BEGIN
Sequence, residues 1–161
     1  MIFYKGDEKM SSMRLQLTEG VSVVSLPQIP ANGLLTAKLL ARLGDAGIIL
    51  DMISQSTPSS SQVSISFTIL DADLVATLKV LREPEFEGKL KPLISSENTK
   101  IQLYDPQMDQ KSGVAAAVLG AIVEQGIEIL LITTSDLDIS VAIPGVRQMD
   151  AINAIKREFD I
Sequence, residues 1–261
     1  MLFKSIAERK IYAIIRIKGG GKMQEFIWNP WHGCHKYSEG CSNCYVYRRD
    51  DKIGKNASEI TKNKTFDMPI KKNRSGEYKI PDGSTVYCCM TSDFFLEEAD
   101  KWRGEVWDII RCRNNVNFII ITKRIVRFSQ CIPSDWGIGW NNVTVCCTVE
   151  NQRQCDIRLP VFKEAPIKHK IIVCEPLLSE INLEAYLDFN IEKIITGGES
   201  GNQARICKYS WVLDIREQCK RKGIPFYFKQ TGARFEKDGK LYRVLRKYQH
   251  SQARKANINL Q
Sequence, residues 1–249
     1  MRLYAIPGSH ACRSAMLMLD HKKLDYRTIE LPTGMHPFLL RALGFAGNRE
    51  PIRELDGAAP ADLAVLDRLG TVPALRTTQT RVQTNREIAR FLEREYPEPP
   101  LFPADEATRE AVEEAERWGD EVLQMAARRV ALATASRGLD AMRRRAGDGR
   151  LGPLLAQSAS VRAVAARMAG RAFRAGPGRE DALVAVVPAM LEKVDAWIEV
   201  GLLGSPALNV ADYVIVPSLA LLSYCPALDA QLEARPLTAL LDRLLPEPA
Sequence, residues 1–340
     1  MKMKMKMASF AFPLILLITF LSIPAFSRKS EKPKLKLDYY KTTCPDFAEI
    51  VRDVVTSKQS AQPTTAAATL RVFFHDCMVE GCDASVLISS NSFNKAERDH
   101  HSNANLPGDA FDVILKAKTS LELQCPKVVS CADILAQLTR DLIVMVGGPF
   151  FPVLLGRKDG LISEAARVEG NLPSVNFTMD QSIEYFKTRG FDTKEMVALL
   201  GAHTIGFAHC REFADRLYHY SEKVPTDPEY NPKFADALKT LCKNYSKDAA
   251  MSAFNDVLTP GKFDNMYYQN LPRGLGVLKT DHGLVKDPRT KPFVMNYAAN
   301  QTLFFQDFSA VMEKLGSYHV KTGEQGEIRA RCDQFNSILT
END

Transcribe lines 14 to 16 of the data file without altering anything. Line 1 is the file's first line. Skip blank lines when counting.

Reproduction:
     1  MRLYAIPGSH ACRSAMLMLD HKKLDYRTIE LPTGMHPFLL RALGFAGNRE
    51  PIRELDGAAP ADLAVLDRLG TVPALRTTQT RVQTNREIAR FLEREYPEPP
   101  LFPADEATRE AVEEAERWGD EVLQMAARRV ALATASRGLD AMRRRAGDGR